Lifetime gifts and inheritance tax

Your estate may be subject to inheritance tax (IHT) on your death, with less being left to pass to your loved ones.

Your estate may be subject to inheritance tax (IHT) on your death, with less being left to
pass to your loved ones. IHT is charged at 40% on your estate on death, and at 20% in respect of certain chargeable lifetime gifts over your available nil rate band (currently £325,000). By making use of certain lifetime allowances, you could reduce or even eliminate the IHT payable when you die.

Normal expenditure out of income

Lifetime gifts are exempt if they form part of your normal expenditure out of income, provided that you are left with enough income to maintain your usual standard of living (and do not need to dip into capital).

A regular pattern of giving is required, for example, meeting annual school fees for a grandchild, or paying the premiums on a life policy for another’s benefit.

Small gifts

Any number of gifts of up to £250 (to any one individual) during a tax year are exempt. The exemption is only available if the gifts to that individual for the tax year do not exceed £250 in total. For example, if you were to give your niece £200 and your granddaughter £300 during the tax year 2023/2024, only the gift to your niece would be exempt.

Wedding or civil partnership gifts

Lifetime gifts to a couple marrying or entering a civil partnership are exempt, up to certain limits.

The amount of the limit depends on your relationship to the couple:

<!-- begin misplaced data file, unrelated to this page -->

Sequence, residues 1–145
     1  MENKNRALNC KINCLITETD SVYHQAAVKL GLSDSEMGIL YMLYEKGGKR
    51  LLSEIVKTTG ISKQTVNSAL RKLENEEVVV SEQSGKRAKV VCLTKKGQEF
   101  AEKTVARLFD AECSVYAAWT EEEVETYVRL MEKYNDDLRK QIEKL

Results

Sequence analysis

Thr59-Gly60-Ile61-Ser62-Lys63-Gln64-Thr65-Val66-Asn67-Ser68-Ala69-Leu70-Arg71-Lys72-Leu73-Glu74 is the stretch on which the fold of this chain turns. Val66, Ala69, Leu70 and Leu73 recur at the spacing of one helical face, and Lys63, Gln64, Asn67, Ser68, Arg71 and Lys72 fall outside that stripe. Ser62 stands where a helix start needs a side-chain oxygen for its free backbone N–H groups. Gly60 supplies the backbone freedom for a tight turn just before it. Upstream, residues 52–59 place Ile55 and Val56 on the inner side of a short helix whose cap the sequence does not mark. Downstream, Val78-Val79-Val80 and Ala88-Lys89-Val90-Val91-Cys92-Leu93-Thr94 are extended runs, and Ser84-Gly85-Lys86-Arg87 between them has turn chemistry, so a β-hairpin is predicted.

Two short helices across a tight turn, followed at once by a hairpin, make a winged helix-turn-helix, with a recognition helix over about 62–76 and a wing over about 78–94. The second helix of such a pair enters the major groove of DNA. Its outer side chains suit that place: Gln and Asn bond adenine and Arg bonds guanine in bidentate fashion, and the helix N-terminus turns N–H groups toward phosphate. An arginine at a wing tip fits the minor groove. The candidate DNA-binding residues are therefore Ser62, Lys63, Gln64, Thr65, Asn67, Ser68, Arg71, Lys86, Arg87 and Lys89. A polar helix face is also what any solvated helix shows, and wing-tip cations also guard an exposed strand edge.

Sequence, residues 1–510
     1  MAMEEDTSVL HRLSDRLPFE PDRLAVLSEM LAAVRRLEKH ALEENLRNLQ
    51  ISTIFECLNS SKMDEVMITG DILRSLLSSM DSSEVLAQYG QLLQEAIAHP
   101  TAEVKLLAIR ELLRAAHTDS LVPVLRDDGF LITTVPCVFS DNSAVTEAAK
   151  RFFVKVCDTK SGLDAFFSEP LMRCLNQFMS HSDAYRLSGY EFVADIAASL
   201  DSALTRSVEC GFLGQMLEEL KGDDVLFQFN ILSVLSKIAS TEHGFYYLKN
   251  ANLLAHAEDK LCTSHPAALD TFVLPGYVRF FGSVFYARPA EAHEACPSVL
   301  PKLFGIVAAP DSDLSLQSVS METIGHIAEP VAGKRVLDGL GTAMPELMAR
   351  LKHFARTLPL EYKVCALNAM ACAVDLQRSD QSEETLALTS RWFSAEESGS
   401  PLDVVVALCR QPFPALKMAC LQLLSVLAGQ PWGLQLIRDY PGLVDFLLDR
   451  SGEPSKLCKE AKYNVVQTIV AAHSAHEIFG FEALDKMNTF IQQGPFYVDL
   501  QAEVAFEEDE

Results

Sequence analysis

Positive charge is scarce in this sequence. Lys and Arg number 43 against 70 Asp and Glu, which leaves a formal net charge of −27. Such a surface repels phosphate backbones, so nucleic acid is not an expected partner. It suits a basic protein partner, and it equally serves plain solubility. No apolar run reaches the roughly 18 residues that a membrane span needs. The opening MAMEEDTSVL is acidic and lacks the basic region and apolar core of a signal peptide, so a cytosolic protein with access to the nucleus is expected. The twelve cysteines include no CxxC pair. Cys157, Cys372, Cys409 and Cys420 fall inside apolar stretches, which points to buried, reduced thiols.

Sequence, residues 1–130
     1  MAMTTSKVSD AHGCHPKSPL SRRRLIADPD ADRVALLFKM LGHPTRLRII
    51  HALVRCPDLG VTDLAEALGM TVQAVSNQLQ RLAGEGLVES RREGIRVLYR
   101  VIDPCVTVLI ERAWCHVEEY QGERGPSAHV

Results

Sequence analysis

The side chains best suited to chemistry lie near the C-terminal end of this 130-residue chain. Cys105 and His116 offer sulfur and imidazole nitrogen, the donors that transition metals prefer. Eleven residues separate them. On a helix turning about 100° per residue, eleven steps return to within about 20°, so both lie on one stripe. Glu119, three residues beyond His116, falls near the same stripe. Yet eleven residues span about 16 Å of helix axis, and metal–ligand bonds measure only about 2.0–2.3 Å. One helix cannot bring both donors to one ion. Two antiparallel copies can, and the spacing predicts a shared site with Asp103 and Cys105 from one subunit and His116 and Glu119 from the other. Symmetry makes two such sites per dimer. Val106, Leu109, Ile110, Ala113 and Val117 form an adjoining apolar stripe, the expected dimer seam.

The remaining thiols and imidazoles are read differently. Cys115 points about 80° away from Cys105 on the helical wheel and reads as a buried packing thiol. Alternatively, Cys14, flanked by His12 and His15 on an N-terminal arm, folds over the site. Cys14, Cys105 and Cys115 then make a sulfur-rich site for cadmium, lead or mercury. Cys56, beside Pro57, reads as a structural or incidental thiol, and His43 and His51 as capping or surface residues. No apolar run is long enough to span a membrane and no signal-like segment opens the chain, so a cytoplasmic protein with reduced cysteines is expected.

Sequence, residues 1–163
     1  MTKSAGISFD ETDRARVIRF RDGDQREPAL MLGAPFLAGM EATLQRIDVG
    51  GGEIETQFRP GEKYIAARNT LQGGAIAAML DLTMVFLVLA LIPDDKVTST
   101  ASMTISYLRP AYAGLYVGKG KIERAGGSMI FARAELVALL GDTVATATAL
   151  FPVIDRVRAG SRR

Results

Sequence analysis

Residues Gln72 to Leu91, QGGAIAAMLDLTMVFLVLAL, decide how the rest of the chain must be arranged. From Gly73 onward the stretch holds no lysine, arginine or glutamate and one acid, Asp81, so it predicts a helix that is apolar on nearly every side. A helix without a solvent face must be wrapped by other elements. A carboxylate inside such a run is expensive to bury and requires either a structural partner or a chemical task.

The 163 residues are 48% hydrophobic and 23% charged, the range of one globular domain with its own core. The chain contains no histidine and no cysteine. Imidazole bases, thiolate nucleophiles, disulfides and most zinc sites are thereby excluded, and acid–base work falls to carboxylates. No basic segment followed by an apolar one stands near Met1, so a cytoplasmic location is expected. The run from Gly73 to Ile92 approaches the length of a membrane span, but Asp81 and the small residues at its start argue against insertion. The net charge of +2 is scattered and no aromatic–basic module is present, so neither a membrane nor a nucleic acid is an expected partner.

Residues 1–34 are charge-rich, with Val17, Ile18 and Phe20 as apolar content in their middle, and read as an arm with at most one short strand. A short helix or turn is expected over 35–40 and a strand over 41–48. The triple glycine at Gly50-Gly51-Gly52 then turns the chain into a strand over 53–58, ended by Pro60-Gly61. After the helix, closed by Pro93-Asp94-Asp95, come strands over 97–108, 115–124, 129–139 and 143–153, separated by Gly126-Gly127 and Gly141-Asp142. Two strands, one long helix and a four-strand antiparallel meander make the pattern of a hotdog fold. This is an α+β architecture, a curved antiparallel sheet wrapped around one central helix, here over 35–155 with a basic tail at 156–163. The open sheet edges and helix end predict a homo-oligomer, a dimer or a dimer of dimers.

• Each parent can give £5,000
  • Each grandparent or great-grandparent can give £2,500
  • Either of the couple can give to each other £2,500
  • Any other person can give £1,000.

Annual exemption

Lifetime gifts which do not fall into any other exemption are exempt up to £3,000 a year. If you don’t use your whole annual exemption in one tax year, you can carry forward the unused portion to the next tax year.

Potentially exempt transfers

If there are no other exemptions available, an outright gift to an individual (called a “potentially exempt transfer”) might eventually fall out of charge. If you survive for seven years after making the gift, it becomes fully exempt.

If you die within seven years, the gift becomes chargeable and will use up all or part of your nil rate band. If you give away more than the nil rate band amount and survive between three and seven years after the gift, then the IHT payable is reduced.

For more information or advice on inheritance tax planning, please contact Laura at

For further details about our Private Client services, click here.

Picture of Laura Walkley, Partner in Private Client

Laura Walkley, Partner in Private Client

Your estate may be subject to inheritance tax on your death, with less being left to pass to your loved ones.

Lifetime gifts and inheritance tax

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